Vatican offers special solution for conservative splinter group, SSPX

In a bid to end a decades-long split in the Catholic Church, the Vatican offered a conservative breakaway group a special status enjoyed only by the Opus Dei movement.

The offer came during a meeting on Wednesday (June 13) between the head of the Vatican doctrinal office, Cardinal William Levada, and Bishop Bernard Fellay, superior general of the Society of St. Pius X (SSPX). It was announced on Thursday.

The status, known as a “personal prelature,” would allow the SSPX to operate directly under the pope’s authority, without territorial boundaries.

The SSPX rejects the modernizing reforms of the Second Vatican Council (1962-1965), including church acceptance of ecumenism and its rejection of anti-Semitism. The group officially split from the Catholic Church in 1988, when its founder, Archbishop Marcel Lefebvre, ordained four bishops without papal consent.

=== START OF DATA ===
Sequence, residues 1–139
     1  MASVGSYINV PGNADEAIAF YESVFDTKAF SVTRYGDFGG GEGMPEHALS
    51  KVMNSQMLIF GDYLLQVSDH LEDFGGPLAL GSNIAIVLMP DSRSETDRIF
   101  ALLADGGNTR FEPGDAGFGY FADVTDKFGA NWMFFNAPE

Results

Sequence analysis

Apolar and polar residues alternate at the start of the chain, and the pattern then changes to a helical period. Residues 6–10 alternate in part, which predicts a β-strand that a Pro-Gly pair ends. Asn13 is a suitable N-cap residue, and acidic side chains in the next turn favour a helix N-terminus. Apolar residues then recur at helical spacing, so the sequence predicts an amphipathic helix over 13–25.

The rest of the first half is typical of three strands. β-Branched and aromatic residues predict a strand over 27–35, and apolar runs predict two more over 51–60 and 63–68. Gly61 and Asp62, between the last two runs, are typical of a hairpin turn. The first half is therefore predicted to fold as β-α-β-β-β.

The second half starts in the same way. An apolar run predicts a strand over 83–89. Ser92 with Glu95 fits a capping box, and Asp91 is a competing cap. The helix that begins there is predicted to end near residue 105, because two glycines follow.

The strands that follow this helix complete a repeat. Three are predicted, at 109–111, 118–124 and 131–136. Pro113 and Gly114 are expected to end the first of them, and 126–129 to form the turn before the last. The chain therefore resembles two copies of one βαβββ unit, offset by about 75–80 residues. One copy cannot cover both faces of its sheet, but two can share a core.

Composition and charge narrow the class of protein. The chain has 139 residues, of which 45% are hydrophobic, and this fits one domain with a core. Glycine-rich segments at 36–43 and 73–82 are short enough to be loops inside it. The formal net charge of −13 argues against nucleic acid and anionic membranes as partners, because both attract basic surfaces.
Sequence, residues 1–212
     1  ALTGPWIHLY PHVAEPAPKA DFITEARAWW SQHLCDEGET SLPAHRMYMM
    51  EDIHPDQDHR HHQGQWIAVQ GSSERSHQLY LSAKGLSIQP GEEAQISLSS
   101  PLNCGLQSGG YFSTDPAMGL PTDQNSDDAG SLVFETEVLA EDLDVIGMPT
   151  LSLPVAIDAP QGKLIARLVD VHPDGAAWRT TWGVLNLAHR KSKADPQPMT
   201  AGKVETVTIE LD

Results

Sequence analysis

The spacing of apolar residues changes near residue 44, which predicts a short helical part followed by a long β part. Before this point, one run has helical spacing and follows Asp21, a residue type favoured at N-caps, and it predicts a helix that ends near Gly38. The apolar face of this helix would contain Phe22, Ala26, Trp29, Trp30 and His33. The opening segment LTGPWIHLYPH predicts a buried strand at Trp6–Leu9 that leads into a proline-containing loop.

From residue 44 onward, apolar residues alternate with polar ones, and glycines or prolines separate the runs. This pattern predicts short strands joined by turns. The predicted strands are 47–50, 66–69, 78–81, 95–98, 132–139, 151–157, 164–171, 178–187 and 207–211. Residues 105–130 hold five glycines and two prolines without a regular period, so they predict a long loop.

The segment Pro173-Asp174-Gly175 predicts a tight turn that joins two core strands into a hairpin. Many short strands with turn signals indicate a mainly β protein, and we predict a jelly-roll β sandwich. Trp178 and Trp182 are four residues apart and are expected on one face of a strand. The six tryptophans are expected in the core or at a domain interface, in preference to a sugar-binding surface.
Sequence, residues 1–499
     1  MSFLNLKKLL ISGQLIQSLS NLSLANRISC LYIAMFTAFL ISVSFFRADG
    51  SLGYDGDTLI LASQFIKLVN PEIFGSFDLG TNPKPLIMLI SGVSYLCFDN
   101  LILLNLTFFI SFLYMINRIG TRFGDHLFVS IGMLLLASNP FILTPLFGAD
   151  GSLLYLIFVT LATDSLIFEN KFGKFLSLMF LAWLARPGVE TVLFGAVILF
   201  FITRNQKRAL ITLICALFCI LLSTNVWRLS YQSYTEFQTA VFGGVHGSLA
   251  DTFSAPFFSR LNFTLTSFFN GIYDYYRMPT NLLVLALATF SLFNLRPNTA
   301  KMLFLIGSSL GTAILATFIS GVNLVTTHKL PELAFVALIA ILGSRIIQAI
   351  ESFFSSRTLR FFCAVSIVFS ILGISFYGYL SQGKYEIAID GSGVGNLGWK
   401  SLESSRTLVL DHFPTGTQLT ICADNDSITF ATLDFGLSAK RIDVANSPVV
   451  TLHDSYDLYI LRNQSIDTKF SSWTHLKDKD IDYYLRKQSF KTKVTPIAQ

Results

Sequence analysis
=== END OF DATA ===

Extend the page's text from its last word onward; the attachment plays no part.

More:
Ever since his election in 2005, Pope Benedict XVI has tried to reconcile with the SSPX. In 2009, he lifted the excommunication of the four traditionalist bishops and started doctrinal talks with the group. Jewish groups were outraged after one of the bishops, Richard Williamson, turned out to be a vocal denier of the Holocaust.

According to the Vatican chief spokesman, the Rev. Federico Lombardi, before the SSPX can be granted a status within the church, it must sign a doctrinal agreement with the Vatican whose text has been under discussion since last September.

During Wednesday’s meeting, Levada submitted to Fellay the final draft of the agreement, and he is expected to respond “within a reasonable lapse of time,” according to a Vatican statement. “The ball is in their court now,” said Lombardi.

But the SSPX on Thursday hinted that a “new phase” of talks may be needed.

Divisions over a potential reconciliation with Rome have been growing within the SSPX in recent months, and will probably be addressed during the group’s general assembly in early July.

SOURCE

RNS/The Washington Post